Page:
Key On Water Temp For Springtime Crappies

A sonar equipped with a temperature gauge and a slip bobber are the tools Northwoods’ guide Greg Bohn won’t do without when he fishes for crappies in springtime.

“Water temperature is the key. It’s the driving force of where crappies are going to be that day,” said Bohn. “They don’t care about food — not anything but warm water.”

That fact holds true whether it’s a reservoir or a natural lake, he said. A difference in a degree or two is all it takes to hold crappies by the bushel or none at all.

As for slip bobbers, Bohn has been known as “Mr. Slip Bobber” for perfecting one of the most used and least understood methods to catch a wide variety of fish, including crappies and walleyes. He authored (with Scott Richardson) the book “Mastering the Art of Slip Bobbering: The Deadliest Method for Walleye!” which is in its fifth printing.

Focus On Bays
Bohn knows from experience there may be no crappies on a main-lake point, but motor back into an adjacent bay as far as you can into shallow water and there they’ll be. You might be able to even see them with a good pair of sunglasses. The difference from one spot to the other is that shallow protected water warms faster. Add a breeze blowing warm surface water into the bay and the effect is even more phenomenal. They might not bite when the surface is calm, but let the wind rough it up and action can become furious, he said.

The pattern holds true from the time water reaches about 45 degrees until it hits the 60-degree mark, he said. Maybe instinct tells them to search out the warmth to incubate their eggs. They aren’t talking. But be confident, warmer water is the place to start.

Wood accelerates the process. Water may be colder than you’d expect to find crappies, but the sun warms the wood, which warms the water surrounding it. Bohn loves to check out stump fields in the back of bays at this time of year.

Ted Takasaki

 

He also stumbled on another fact. While fishing the shallow water surrounding a stump field, he saw crappies on the screen right below him in slightly deeper water 6- to 7 feet down. Slip bobbers next to the boat started catching them, too. The lesson — not all of the fish are at the same stage in the reproduction cycle all at one time. Some are shallow, and some are holding deeper waiting for their right time.

“Crappies can show up in the most unexpected places,” he said. “It was really an awakening. I learned something that day. I was having action on in the shallows and by the boat. They were more aggressive by the stumps where water was warming. They were defending, protecting. But the really big ones were in the deeper water.”

Look For Stumps, Brush, Blow Downs
No stumps? No problem. Look for shallow protected water with wood of any kind such as brush piles or blow downs. Any wood in the water to warm can transfer heat beneath the surface. The result will be the same — crappies for dinner!

In reservoirs, the bays closest to the points that reach to the channel will be best. They won’t go from one end of the lake or reservoir to the other in search of warm water, but they’ll find the warm water in the area of the lake they’re in. The heat is what they want.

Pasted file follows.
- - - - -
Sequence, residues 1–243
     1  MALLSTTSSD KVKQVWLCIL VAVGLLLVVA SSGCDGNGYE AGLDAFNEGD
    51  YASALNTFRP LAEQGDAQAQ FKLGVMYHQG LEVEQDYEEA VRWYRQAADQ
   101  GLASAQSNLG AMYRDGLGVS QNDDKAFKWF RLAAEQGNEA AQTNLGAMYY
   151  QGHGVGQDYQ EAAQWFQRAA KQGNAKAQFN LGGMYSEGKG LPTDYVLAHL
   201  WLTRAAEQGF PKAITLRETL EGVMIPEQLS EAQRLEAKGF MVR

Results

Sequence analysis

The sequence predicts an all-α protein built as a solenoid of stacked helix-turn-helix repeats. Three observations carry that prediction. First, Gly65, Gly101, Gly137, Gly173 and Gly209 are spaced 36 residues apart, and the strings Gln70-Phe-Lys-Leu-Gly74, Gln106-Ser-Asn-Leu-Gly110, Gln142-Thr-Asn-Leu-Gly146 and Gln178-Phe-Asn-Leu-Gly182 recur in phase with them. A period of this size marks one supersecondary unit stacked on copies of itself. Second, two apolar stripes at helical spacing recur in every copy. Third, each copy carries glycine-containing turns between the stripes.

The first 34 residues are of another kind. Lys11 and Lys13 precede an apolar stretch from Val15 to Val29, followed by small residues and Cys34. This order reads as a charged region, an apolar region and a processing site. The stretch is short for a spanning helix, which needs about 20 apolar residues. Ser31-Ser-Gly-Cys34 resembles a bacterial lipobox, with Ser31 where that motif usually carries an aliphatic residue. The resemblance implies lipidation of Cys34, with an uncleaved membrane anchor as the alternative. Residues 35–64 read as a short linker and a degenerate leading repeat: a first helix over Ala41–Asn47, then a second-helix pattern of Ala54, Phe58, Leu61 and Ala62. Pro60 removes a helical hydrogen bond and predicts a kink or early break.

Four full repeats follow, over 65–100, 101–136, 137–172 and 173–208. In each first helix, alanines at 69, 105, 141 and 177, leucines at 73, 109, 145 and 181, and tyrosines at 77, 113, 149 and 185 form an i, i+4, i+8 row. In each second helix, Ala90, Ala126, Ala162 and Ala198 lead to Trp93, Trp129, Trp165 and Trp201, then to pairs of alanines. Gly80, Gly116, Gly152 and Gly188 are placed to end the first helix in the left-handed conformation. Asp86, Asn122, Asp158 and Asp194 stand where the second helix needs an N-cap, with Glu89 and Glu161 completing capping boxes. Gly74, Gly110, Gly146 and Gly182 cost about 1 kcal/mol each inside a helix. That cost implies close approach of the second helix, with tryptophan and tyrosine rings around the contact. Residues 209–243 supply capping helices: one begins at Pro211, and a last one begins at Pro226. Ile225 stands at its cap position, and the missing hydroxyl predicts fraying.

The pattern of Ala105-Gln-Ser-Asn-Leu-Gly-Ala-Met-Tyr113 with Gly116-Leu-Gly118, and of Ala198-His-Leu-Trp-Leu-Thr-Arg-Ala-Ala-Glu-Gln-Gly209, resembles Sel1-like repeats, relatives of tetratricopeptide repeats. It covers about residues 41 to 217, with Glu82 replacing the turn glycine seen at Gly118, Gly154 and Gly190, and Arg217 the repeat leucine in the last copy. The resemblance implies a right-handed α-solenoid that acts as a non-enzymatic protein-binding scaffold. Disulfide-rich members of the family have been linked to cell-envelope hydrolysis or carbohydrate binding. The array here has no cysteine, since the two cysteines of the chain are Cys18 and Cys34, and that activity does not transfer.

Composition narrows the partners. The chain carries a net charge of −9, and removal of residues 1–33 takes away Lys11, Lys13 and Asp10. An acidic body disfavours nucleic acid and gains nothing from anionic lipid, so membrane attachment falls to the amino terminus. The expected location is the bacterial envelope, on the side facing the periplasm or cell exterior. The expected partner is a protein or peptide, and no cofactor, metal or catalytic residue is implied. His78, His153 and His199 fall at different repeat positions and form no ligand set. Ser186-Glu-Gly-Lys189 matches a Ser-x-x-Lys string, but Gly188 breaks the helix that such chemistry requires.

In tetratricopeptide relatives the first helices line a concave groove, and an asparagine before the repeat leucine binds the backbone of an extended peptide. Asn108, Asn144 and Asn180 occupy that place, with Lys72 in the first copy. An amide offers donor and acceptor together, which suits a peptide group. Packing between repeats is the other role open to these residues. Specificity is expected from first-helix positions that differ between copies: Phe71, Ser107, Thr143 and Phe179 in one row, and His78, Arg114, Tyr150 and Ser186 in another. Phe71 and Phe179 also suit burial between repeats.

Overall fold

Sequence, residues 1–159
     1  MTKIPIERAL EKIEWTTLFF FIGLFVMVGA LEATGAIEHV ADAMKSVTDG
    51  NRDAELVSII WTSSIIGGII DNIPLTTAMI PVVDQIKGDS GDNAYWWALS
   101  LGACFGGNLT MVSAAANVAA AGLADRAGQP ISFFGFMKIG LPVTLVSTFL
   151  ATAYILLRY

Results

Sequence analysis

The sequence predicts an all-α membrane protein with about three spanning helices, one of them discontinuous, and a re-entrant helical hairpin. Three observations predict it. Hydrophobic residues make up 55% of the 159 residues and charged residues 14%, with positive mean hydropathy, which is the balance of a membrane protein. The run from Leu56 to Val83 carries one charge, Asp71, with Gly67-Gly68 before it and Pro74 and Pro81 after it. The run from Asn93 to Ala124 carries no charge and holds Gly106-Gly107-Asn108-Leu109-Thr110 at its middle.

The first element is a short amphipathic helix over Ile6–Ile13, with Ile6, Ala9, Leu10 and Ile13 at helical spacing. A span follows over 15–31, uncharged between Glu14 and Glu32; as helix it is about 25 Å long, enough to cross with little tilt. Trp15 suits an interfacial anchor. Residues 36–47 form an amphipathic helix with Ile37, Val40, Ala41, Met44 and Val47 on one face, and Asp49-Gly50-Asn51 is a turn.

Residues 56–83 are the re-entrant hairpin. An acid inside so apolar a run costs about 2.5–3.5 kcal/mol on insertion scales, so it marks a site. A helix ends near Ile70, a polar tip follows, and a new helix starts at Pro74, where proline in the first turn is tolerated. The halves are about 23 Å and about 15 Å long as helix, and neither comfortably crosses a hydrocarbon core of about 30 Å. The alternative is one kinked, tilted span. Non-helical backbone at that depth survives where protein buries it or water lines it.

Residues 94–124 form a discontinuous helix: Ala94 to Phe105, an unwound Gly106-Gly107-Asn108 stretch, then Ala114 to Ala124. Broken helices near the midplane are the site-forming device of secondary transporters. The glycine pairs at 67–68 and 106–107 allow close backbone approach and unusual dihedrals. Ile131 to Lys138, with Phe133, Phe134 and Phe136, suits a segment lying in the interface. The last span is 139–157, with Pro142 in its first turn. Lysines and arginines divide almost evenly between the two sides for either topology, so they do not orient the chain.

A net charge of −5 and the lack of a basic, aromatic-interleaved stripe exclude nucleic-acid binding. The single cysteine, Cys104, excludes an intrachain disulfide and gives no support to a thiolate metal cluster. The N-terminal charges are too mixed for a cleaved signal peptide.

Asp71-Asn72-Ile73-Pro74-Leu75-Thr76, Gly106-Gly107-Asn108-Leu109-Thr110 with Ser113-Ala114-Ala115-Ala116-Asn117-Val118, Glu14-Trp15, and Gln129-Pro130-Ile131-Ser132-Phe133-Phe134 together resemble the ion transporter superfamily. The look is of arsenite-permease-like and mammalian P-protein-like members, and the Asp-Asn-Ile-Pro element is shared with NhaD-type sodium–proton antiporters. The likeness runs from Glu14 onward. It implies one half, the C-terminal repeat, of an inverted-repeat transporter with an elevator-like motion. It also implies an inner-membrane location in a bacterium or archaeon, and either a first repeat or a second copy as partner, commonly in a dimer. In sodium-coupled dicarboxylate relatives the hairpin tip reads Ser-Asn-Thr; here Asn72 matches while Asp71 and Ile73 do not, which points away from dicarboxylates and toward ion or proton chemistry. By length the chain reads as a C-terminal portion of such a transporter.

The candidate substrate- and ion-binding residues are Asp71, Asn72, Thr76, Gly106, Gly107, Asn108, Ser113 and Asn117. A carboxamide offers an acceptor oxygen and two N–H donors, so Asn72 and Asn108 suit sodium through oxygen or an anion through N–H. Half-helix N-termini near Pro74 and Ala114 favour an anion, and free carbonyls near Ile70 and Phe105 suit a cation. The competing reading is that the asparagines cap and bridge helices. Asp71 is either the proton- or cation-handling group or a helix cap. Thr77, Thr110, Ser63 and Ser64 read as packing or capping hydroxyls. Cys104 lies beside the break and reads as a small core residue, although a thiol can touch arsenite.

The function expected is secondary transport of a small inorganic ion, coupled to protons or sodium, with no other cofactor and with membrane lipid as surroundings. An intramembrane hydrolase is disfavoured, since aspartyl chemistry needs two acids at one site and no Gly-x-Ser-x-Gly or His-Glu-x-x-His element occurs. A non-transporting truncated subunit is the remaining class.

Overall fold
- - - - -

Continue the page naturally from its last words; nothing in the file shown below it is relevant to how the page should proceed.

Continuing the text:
Bohn has devised a perfect slip-bobber rig that is sensitive to the lightest of bites while allowing an angler to target exactly the depth they want without hassle. They’ve come a long way since they started with a plastic bobber stop that damaged the line and a plastic bead that refused to slide on the line no matter what. Add a cheap slip float with a tiny hole that grabs the line so the slip bobber refused to slip. Next came a split shot that pinched the line so it breaks under little stress.

A Unique Slip-Bobber Design
Bohn’s design starts with a bobber stop made out of thread to avoid line damage. The tags of the knot are carefully tightened and trimmed to 1-inch. The bead is made of red glass so it slides easily and can be seen from a distance. The bobber can be either weighted or unweighted. The choice depends on several factors like whether he’s casting into wind. A barrel swivel is added to the line, then leader. A rubber core sinker midway on the leader is added to balance the rig. Don’t twist the rubber to secure the weight. Just slide the line behind the core. That way, it will slide and free itself if it gets hung up in the wood.

Lindy Legendary Fishing Tackle assembled Bohn’s components in the Pro Series floats or the Pro Series Slipbobber Rigs that have everything you need including a tiny flicker blade. It flashes in the sun as the crappie-sized minnow hooked between the dorsal fin and the tail swims beneath the bobber as the wind creates wave action. Make sure to use fresh bait.

Stick with the minnow early in the season. Try tiny plastic baits such as the Teeny Tail or a tube skirt as water warms into the mid- to upper 50s. If state law allows, set out the slip bobbers and use another rod with a small jig and plastic to cast the area and cover more water.

If action stops, give the spot a rest and go find another. Return later for more fish. You may have a milk run of several spots by the end of the day. Move from one to the next.

Crappies in the live well — there’s no better way to warm up to spring than that!

For a fine assortment of Fresh Water fishing gear, click here.

Ted Takasaki has many fishing achievements, including in March, 2010, when he was named a “Legendary Angler” in the “Fresh Water Fishing Hall of Fame” at Hayward, Wis. He had a victory at the 1993 Mercury Nationals and the 1995 Professional Walleye Trail Top Gun award. He reached the pinnacle of both angling and business when he was named PWT Champion in 1998 and president of Lindy Little Joe, Inc., of Brainerd, Minn., a year later.

 

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